If your goal is to become a great city travel photographer, then a lot of your shoots may include attractions, the city skyline, or even simple urban aesthetics. However, the best city photos are those that capture the location’s culture—and a big part of that are its locals. Travel restrictions are still very tight, but that doesn’t mean that you can’t start practicing capturing photos in your own city.
That said, here are some photography tips that can help you prepare:
1) Time your visit with city-wide events
Festivals are born out of a community’s culture, so photography sessions during such events provide the best opportunities to capture the local spirit. Some cities like Rio de Janeiro, Vrindavan, and Harbin host bigger festivities than others, such as the “Holi Festival” or the “Harbin Snow and Ice Festival.” But that does mean that smaller ones like the “Milkshake Dance Festival” in Amsterdam capture any less of the local culture. You can even time your visits during the more unique events listed, like the Monkey Buffet Festival in Lopburi, Thailand (where they feed the monkeys—not eat them) or the “Mud Festival” in Boryeong, Korea. Your city should have its own list of festivities too, so grab your calendar and plan your shoots accordingly.
2) Zoom in on details
In our previous article, we shared a few photography tips for capturing natural moments, such as ways to perfect your timing or spot shapes and patterns for shadowing effects. There’s a particular one that’s great for taking photos of the local populace—zooming in on certain details. Indeed, while it’s great to take a full-body photo of your subjects, focusing on certain details once in a while can make the pictures appear more dynamic. For example, in our Japanese pachinko example above, you can try to zoom in on their hands as they skillfully handle the machine or on the concentrated look on their eye. The goal here is to emphasize the emotion of your subject or the activity they’re immersed in.
3) Act natural
Not everybody is comfortable with being a camera’s subject, so appearing suddenly and immediately taking photos is bound to give you a couple of suspicious glances. Do a couple of things to get your subjects computable with your presence, like joining them in the festivities or befriending them before shooting. Learn the etiquette in certain areas as well. Scout the venues you want to take photographs in first before taking them if you have the time. Moreover, if you’re in a completely new area, explore the city first. You can hire a local guide to lead you.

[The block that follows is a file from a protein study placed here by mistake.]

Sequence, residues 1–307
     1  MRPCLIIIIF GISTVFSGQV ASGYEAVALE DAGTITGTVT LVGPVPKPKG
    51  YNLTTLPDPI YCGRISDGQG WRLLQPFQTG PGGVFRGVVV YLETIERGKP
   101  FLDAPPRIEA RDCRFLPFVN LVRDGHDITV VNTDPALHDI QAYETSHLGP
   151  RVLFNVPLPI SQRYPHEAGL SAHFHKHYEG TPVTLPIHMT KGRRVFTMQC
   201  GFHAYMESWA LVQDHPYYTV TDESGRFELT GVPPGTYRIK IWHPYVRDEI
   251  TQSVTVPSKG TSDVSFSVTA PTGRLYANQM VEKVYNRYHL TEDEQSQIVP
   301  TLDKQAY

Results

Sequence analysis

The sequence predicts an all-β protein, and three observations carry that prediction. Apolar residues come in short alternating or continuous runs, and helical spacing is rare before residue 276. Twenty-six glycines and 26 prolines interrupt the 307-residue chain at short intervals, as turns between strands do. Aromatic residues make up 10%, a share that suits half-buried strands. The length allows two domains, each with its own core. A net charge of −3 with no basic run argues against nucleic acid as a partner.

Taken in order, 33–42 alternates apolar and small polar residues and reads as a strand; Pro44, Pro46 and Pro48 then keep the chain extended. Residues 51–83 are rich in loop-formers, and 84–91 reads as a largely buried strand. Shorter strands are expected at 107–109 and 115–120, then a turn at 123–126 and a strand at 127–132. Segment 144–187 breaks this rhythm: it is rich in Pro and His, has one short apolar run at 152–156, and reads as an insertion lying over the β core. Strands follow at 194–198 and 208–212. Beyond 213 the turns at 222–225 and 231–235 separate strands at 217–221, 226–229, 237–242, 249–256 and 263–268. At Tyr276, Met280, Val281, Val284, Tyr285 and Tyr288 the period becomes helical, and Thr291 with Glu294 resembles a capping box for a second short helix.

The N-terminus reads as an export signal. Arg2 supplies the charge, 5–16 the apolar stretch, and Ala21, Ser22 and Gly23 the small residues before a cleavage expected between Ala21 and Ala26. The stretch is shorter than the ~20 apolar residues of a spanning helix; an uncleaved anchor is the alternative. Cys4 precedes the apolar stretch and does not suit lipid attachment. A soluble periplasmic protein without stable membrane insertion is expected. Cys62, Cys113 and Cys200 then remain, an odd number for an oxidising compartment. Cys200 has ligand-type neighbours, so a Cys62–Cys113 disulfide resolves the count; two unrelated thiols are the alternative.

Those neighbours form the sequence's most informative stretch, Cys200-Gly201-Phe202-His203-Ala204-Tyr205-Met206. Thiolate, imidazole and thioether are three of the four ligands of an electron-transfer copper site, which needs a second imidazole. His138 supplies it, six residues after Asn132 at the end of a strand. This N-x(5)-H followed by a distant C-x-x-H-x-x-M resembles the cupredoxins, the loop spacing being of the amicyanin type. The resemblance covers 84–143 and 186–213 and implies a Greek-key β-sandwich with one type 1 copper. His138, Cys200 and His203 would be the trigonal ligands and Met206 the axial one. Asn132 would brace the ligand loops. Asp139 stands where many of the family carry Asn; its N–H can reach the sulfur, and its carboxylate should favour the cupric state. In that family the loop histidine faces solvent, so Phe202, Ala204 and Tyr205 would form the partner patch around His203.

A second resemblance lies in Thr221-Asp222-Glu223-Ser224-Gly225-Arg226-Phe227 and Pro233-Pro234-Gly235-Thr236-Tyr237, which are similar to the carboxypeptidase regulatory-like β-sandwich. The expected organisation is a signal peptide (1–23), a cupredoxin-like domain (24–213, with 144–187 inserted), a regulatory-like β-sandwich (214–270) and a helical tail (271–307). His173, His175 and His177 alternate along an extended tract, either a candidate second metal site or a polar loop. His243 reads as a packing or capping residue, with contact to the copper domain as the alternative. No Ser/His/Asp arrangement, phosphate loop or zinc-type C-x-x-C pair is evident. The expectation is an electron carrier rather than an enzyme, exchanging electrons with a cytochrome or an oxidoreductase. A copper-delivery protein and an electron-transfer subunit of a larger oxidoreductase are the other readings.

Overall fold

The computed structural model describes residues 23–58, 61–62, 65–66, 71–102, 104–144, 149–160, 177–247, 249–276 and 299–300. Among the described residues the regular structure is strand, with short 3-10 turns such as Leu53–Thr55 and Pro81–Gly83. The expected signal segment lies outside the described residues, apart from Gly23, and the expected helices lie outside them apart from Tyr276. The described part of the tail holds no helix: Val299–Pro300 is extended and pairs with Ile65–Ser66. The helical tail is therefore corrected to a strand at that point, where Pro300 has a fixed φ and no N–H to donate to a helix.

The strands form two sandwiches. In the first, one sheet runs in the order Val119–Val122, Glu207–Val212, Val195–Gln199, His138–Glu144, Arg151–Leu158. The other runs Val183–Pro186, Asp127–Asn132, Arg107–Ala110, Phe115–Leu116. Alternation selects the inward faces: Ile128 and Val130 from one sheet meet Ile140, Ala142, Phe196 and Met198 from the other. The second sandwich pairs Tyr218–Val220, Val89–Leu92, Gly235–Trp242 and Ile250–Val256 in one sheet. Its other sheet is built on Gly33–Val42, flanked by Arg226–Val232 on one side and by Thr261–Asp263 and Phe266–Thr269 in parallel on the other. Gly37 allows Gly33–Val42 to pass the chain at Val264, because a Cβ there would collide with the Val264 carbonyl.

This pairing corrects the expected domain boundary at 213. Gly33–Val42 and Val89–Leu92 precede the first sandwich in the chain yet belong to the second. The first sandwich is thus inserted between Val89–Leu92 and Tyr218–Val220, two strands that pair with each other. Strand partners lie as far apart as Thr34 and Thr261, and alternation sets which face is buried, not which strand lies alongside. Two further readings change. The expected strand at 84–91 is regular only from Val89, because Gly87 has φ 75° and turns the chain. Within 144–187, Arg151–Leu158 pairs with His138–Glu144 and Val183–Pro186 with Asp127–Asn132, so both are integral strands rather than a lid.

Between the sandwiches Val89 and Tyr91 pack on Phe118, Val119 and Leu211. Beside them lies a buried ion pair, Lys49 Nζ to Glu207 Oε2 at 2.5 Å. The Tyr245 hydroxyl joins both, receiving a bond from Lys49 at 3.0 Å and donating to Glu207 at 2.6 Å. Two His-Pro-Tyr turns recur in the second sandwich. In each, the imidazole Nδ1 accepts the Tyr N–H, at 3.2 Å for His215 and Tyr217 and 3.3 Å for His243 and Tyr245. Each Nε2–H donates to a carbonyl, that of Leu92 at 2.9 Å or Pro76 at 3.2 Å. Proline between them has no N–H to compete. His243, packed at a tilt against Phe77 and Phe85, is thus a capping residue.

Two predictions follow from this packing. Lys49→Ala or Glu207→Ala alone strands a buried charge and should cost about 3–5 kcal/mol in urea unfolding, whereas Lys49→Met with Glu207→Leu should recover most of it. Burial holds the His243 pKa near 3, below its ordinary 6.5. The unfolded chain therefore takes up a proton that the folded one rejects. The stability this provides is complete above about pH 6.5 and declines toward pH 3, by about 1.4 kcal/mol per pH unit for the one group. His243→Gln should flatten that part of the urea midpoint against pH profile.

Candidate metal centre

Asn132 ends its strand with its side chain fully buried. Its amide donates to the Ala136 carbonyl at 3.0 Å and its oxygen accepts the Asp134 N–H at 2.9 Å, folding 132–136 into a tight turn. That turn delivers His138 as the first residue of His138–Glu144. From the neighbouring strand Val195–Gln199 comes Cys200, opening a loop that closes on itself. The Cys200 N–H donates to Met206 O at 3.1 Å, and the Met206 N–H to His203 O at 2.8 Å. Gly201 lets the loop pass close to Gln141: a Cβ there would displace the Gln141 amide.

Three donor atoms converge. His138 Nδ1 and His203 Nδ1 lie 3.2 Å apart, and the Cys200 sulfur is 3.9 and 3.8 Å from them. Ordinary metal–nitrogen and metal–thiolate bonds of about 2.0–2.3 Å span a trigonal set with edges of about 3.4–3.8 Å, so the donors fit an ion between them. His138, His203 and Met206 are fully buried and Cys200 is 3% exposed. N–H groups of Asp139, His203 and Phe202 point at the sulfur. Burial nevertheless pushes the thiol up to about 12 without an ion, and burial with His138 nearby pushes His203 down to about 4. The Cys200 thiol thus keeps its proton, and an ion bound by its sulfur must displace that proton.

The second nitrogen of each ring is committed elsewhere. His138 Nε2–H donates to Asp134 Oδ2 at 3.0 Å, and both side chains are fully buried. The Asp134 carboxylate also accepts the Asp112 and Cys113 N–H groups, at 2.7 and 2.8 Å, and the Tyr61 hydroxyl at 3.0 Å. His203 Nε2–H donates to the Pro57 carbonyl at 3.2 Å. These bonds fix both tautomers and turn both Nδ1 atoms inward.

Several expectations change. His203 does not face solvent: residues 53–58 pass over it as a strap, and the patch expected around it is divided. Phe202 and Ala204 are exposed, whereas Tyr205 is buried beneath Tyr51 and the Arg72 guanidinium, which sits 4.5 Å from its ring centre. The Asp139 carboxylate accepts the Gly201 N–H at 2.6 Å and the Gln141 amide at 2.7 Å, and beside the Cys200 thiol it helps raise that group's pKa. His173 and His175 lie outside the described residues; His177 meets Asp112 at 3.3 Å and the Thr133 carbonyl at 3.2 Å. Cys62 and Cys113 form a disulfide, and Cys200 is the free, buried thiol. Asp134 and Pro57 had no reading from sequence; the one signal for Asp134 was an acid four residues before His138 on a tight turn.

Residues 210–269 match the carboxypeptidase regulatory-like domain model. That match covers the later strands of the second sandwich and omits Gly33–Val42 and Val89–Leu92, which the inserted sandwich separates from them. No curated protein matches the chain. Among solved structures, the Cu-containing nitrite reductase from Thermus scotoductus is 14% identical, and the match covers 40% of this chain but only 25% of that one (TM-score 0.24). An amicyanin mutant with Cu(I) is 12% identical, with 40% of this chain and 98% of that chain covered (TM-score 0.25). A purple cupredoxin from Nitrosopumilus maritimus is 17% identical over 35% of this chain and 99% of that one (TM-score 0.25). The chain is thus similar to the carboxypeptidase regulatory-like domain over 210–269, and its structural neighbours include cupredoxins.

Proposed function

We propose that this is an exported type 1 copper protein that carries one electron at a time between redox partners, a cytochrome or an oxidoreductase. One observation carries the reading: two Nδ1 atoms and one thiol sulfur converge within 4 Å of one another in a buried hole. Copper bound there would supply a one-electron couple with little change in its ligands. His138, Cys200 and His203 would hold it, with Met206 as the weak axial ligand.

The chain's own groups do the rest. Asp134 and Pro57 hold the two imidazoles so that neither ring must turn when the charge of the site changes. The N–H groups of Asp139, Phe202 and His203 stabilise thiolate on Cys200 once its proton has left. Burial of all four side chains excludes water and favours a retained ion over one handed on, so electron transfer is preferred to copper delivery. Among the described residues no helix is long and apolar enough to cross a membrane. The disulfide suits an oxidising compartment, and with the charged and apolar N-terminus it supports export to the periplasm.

Moreover, if it’s not a public event and you want your subjects to look at the camera, ask politely. You can even learn a few phrases from the local language as a show of genuine interest.
Best places to capture the local population
But just because there isn’t an annual event going on, doesn’t mean that there aren’t any good opportunities to capture city locals in their natural element. One thing you can do is to seek out places they like to frequent, like concert halls, cafes, or even shopping malls. Below are some good examples:
Baseball stadiums in Cuba
Much like how big football is in Qatar, baseball games are something of a national celebration in Cuba. After all, this was the activity Cubans first used to oppose the Spanish, as locals opted for baseball instead of Spanish bullfighting. As one of the largest islands of the country, Nueva Gerona is home to Estadio Cristobal Labra—one of the smaller stadiums in the Cuban National Series. As it’s not as big as, let’s say, the Estadio Latinoamericano in Havana, you can catch many smaller games in the area.
Bingo halls in the UK
Social bingo is really big in the UK, so much so that it was one of the first places people visited when the lockdown restrictions were lifted. As such, you’ll find a lot of local activity in many of the country’s bingo halls, such as the ones in Tonypandy. In fact, this guide by Foxy Bingo shows us that one of the oldest bingo venues in the world is located in the area. Called Judges Bingo, it was opened in 1909 as a memorial hall for royalty but was later transformed into a bingo dome to meet local demand in the 60s. Today, many Tonypandy locals gather in the hall to socialize. For photographers, bingo halls are a fascinating insight into local British culture and the quickest way to get to the heart of a community.
Pachinko parlors in Japan
According to a history blog post posted on Living in Tokyo, the term “pachinko” was derived from the sound “pachi-pachi” an old Japanese pinball machine made whenever people played with it. It was so popular that a pachinko parlor—a place that only offered these machines—opened in Nagoya in the 60s. From then on, pachinko’s influence spread throughout the country, eventually reaching Tokyo where the population was the largest. You can find many of Tokyo’s locals in such places, particularly within busy districts like Akihabara and Shinjuku.
There are more of these local hubs in every city, of course. But if you want to find these places, you need to do your research on the local culture.
All in all, learn to time your visits and search for the best locations. While there are many subjects that you can feature in your city photography album, none of them are as interesting as its people.
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